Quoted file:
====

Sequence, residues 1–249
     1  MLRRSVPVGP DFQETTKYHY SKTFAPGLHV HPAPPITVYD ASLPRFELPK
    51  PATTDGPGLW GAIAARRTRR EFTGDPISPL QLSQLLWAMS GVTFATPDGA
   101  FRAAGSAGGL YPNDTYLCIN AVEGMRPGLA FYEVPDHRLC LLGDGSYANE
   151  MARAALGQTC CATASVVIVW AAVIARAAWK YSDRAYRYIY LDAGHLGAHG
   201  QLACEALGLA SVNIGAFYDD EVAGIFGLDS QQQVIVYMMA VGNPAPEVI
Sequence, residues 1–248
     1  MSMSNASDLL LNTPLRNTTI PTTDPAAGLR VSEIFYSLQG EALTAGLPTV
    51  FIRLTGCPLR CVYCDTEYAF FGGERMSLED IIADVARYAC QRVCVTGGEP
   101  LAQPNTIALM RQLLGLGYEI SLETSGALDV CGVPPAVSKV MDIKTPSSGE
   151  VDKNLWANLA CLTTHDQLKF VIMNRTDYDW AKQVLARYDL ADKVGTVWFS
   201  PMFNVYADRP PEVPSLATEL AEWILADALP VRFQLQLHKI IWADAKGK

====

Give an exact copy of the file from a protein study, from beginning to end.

Sequence, residues 1–249
     1  MLRRSVPVGP DFQETTKYHY SKTFAPGLHV HPAPPITVYD ASLPRFELPK
    51  PATTDGPGLW GAIAARRTRR EFTGDPISPL QLSQLLWAMS GVTFATPDGA
   101  FRAAGSAGGL YPNDTYLCIN AVEGMRPGLA FYEVPDHRLC LLGDGSYANE
   151  MARAALGQTC CATASVVIVW AAVIARAAWK YSDRAYRYIY LDAGHLGAHG
   201  QLACEALGLA SVNIGAFYDD EVAGIFGLDS QQQVIVYMMA VGNPAPEVI
Sequence, residues 1–248
     1  MSMSNASDLL LNTPLRNTTI PTTDPAAGLR VSEIFYSLQG EALTAGLPTV
    51  FIRLTGCPLR CVYCDTEYAF FGGERMSLED IIADVARYAC QRVCVTGGEP
   101  LAQPNTIALM RQLLGLGYEI SLETSGALDV CGVPPAVSKV MDIKTPSSGE
   151  VDKNLWANLA CLTTHDQLKF VIMNRTDYDW AKQVLARYDL ADKVGTVWFS
   201  PMFNVYADRP PEVPSLATEL AEWILADALP VRFQLQLHKI IWADAKGK